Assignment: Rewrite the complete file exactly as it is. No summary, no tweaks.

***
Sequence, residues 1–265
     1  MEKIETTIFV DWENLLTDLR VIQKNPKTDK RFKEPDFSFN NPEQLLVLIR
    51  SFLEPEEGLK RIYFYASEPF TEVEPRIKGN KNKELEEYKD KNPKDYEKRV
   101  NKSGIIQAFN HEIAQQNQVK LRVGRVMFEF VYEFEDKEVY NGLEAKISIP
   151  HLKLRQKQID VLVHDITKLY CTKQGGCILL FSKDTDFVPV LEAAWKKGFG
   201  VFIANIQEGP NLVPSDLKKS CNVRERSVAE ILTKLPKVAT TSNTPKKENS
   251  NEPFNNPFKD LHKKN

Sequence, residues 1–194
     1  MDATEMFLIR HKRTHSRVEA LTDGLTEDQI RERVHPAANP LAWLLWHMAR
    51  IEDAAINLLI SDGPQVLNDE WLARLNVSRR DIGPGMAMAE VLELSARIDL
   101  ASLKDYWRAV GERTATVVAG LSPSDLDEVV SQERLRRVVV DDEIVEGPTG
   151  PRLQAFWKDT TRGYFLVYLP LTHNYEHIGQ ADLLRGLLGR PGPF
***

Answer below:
Sequence, residues 1–265
     1  MEKIETTIFV DWENLLTDLR VIQKNPKTDK RFKEPDFSFN NPEQLLVLIR
    51  SFLEPEEGLK RIYFYASEPF TEVEPRIKGN KNKELEEYKD KNPKDYEKRV
   101  NKSGIIQAFN HEIAQQNQVK LRVGRVMFEF VYEFEDKEVY NGLEAKISIP
   151  HLKLRQKQID VLVHDITKLY CTKQGGCILL FSKDTDFVPV LEAAWKKGFG
   201  VFIANIQEGP NLVPSDLKKS CNVRERSVAE ILTKLPKVAT TSNTPKKENS
   251  NEPFNNPFKD LHKKN

Sequence, residues 1–194
     1  MDATEMFLIR HKRTHSRVEA LTDGLTEDQI RERVHPAANP LAWLLWHMAR
    51  IEDAAINLLI SDGPQVLNDE WLARLNVSRR DIGPGMAMAE VLELSARIDL
   101  ASLKDYWRAV GERTATVVAG LSPSDLDEVV SQERLRRVVV DDEIVEGPTG
   151  PRLQAFWKDT TRGYFLVYLP LTHNYEHIGQ ADLLRGLLGR PGPF